Mexico, Guatemala, Belize, Honduras
Ceremonial bars — also known as serpent bars — are a common symbol in the Maya world and often depicted being wielded by rulers on stelae. Such stelae were typically erected to commemorate a period-ending event (when the Maya base-20 long-count calendar zeroed out), commonly associated with change or rebirth.
The bar typically ends in two open serpent mouths, from which gods emerge; the serpent was the means of conveying a hallucinatory vision (the body of the serpent even paralleled the wisps of rising smoke from which burned blood offerings were delivered), the means by which the ruler communicated with parallel worlds and assured the survival of civilization. To make picking out the ceremonial bars easier, we have applied color highlights to the image at left.
More specifically, the bar is symbolic of the ruler’s pivotal dual-intermediary role, connecting the world of the living with (a) the world of the dead (in the underworld) and (b) the world of the gods (in the heavens). In Maya cosmology, such an intermediary role is typically filled by the “world tree,” or axis mundi: the tree – with its roots extended to the underworld and its uppermost branches high in the sky — bridges the the same gap among the earth, underworld and heavens. When holding the serpent bar, then, the ruler effectively assumes the role of world tree, with the bar representing its branches.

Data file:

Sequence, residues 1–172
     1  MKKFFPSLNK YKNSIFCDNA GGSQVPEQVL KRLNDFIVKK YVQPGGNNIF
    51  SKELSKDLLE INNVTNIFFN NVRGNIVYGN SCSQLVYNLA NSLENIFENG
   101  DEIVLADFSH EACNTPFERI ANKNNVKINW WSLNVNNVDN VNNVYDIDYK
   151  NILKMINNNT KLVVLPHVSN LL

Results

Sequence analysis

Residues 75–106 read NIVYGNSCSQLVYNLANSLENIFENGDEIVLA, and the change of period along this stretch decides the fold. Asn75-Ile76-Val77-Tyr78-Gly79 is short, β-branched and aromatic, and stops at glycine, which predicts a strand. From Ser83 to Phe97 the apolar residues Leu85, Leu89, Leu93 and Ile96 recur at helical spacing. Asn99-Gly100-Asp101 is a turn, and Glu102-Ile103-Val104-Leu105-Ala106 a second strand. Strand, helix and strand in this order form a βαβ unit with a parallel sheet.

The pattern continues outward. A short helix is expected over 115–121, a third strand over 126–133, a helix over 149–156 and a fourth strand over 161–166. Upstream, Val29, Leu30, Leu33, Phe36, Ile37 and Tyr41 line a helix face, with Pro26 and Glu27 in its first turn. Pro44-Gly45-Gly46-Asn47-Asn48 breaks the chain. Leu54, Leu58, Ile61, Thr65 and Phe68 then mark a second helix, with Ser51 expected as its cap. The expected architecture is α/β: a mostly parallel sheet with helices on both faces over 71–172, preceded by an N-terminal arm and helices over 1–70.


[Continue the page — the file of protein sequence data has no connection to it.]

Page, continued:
- Usually being held by a ruler;
- Usually held parallel to ground, perpendicular to body;
- The serpent heads on either end of the bar open to reveal to reveal the faces of figures.
James Doyle, a curator at The Metropolitan Museum of Art, and art historian Steve Zucker explore the symbolism of the painted forms on a 7th-8th century CE (Classic period) Maya drinking vessel. Runtime: 7 min.
Approach Guides’ guidebooks — Maya Mexico and Maya Tikal and Copán (Guatemala & Honduras) — afford an expansive view of art and architecture in the Maya world.
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